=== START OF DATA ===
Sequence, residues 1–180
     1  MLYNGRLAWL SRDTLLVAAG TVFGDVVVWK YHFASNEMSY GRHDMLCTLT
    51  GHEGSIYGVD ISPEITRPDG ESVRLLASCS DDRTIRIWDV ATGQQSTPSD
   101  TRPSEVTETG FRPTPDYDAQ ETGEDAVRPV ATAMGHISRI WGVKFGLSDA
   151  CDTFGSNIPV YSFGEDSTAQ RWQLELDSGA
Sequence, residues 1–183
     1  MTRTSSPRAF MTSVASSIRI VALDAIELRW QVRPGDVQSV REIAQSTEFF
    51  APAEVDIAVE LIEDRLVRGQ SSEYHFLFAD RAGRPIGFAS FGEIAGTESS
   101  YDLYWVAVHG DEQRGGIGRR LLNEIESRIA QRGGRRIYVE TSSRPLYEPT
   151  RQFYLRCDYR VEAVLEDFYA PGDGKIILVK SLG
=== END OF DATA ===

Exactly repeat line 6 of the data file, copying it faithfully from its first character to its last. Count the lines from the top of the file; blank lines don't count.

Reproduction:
Sequence, residues 1–183